28New quality – current situation Computer use at school and level of reading literacy (15-year-olds), 2000 (%)% never using computer at school% at Level 3+ reading literacyBrazilMexicoRussiaLatviaHungaryCzech RepublicUSAAustraliaFinland57483719102513862234435258616979
29New quality – recommendations New standards for teacher trainingInvestment in teaching methods developmentAccessible learning resources: national portal and electronic libraryTraining of instructional designersSupport for innovative schools of “new pedagogy”
30New quality – ICT skills Preparing people for life and work in informational society by development of ICT skill.
32ICT skills – current situation Computer Literacy of IVE Students, 2001–2002
33ICT skills – recommendations Common performance standards for ICT literacyDevelop modular training courses in advance ICT skills
34Meaningful strategy – conclusion A significant intervention into e-learning could play a catalyst role in education reform to make an education system more relevant and equitable.
35New indicators of success How to create a coherent and outcome oriented strategy for e-education program?Support for bottom level initiatives and development of points of best experienceNew indicators of successCreation of a regulatory framework and a system of certification
36Federal support for Research and Development: How to create a coherent and outcome oriented strategy for e-education program?Federal support for Research and Development:Software for managing education;Software for learning and evaluation;Essential electronic learning resources.
37Coordination of Programs (ICT in education map) How to create a coherent and outcome oriented strategy for e-education program?Coordination of Programs(ICT in education map)on Federal and regional levelswithin the education sectorbetween social sectors (science, culture, health, education)
38How to create an efficient strategy for e-education program? providing universal service rather than universal access through local ICT centersout-of-school computers (including home computers) as a resourceeconomy of scaleproviding technical support and increasing the time hardware is used for learning
39How to create an efficient strategy for e-education program? Local ICT centers:learning;computer and Internet clubs;access to hardware and Internet;methodological and technical support for schools.
41Home computersMore than 60 percent of students in big cities do not consider schools as a primary place for use of ICT.In Moscow, 27.5 percent of the households have computers at home, compared with 2 percent of the rural population.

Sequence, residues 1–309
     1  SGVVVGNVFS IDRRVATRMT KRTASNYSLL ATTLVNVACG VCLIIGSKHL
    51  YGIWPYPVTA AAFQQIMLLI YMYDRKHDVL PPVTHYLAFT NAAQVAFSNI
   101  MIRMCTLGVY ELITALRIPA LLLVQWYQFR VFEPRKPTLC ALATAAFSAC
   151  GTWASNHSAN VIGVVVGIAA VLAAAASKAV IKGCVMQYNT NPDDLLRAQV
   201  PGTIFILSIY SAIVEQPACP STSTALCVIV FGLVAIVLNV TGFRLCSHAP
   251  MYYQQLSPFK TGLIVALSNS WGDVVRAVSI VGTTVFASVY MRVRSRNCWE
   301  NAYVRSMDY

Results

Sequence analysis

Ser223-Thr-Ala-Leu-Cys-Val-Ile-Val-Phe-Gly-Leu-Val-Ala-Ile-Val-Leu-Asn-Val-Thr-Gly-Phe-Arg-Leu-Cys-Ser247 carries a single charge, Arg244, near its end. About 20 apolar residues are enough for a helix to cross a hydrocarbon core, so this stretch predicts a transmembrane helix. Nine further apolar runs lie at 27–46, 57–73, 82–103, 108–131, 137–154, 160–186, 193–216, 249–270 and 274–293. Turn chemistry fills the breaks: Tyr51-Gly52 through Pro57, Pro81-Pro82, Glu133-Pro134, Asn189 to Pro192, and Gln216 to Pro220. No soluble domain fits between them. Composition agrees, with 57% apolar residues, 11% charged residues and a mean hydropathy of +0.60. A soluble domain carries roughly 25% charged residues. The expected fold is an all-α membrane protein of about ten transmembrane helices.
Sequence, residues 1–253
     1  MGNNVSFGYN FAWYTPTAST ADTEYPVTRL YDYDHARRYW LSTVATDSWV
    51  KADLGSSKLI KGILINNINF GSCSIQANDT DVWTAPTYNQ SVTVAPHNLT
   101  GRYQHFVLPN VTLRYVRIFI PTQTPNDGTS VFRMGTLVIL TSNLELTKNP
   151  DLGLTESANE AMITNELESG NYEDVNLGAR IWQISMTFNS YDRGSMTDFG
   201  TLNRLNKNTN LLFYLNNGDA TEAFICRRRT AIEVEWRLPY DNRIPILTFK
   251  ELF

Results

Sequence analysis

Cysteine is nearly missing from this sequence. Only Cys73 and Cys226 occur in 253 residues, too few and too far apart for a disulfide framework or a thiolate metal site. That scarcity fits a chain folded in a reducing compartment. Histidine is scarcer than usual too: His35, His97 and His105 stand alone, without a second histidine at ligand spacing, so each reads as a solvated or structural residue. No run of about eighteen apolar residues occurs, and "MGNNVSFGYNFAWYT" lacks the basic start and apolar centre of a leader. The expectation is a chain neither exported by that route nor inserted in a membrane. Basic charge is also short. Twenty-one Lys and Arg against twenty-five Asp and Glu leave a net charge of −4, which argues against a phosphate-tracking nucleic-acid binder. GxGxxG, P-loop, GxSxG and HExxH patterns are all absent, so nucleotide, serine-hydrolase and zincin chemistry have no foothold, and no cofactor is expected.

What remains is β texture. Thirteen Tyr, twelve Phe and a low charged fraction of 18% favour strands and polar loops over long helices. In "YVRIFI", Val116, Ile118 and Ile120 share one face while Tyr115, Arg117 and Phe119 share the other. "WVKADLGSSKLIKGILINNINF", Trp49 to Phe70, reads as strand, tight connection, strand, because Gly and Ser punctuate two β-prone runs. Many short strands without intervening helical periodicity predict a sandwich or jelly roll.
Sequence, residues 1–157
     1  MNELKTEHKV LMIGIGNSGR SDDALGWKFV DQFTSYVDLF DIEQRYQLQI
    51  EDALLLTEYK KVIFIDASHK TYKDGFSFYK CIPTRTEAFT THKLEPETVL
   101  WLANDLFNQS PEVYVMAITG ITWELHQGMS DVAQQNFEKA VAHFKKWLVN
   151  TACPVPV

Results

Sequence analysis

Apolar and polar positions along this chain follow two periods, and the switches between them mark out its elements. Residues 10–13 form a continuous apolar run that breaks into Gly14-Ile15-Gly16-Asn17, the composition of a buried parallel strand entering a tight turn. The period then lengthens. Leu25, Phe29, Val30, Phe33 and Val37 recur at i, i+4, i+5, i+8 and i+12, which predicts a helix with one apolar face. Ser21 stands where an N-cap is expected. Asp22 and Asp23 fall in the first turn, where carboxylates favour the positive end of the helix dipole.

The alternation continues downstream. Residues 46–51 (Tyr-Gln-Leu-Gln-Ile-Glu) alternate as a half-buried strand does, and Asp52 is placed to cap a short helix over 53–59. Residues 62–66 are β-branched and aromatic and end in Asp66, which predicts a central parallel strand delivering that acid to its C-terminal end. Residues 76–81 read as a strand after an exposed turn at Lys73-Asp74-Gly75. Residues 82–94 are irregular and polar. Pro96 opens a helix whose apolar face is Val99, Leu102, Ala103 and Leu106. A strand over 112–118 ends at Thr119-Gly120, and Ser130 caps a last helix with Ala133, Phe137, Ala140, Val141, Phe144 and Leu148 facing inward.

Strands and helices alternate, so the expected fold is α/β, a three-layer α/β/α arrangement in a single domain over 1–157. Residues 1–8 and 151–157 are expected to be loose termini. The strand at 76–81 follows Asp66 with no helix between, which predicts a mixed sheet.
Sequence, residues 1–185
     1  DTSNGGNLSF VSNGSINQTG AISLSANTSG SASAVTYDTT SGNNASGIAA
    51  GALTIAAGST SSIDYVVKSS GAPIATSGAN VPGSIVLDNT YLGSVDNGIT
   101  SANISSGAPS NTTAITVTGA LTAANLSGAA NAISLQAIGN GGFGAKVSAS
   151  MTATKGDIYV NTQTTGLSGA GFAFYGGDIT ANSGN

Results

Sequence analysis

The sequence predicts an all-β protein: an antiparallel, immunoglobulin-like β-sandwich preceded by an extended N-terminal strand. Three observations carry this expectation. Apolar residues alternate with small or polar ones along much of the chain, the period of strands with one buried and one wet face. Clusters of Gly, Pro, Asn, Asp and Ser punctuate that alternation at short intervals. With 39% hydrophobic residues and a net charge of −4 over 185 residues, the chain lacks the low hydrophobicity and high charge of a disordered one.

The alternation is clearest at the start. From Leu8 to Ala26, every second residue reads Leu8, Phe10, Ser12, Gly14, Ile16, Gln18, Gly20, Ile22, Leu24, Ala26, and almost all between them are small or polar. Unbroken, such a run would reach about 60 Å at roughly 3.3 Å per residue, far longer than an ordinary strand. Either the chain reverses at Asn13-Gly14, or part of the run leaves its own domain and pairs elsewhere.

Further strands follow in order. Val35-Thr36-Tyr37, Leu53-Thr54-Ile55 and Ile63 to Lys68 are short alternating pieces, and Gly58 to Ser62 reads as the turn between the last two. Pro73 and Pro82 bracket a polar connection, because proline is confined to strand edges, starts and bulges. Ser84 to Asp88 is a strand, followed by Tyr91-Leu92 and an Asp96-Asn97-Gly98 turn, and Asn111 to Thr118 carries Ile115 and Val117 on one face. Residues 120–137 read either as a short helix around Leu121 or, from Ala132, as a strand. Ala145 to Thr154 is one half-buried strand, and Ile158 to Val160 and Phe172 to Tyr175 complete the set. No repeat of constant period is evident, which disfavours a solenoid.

42Home computersKrasnoyarsk Region: Students with Home Computers (%)
43Home computersIrkutsk Region: Use of a Home Computer for Educational Purpose (%)%
44Home computers – pro & contra Rapidly growing resource;Vast opportunity for informal education in specific areas of interest;Motivated education.Contra:Increasing digital divideHard to control and manage the content of self education
45Telecommunication solutions Local network – closed communication and resources delivery system within school, or town, or region.ProCheap trafficHigh speedControlled contentContra Limited communicationLimited access to informationSlow updating of resources
46e-Learning Support Project $300 mln – APL to support Russian E-Education ProgramAs a result of the project schools would move to a level of ICT use in teaching and learning that would result in the efficient use of digital learning resources and tools necessary for full participation in a knowledge society; promote active and independent student learning; and encourage the flexible organization of learning.As an outcome, the project will create enhanced, and labor market-relevant learning opportunities for students, regardless of their social status or of their geographical location.
47e-Learning Support Project Component One: New Generation Learning Materialsdeveloping a regulatory framework for materials development and use;developing and distributing a range of critical and exemplar learning materials to introduce a reusable object oriented/constructivist design approach;testing materials that would focus on embedding ICT in teaching and learning practices.
48e-Learning Support Project Component Two: Teacher training in the educational use of ICTthe training of new and existing teachers and education managers in project regions in the use of ICT in education (using the teaching and learning materials developed in Component One);the development of Russian instructional design and development capacity in learning materials production.
49e-Learning Support Project Component Three: Development of a Network of Interschool Resource Centers in Project RegionsThe District interschool resource centers would provide a range of services and materials forstrategic planning for effective use of ICT in education;teacher support and advisory services;dissemination of ICT in education practices;extending curriculum offerings in isolated regions by providing support for selected distance education services;extending to community and industry access to training in the use of ICT and the production of new resourcescomputer maintenance in schools.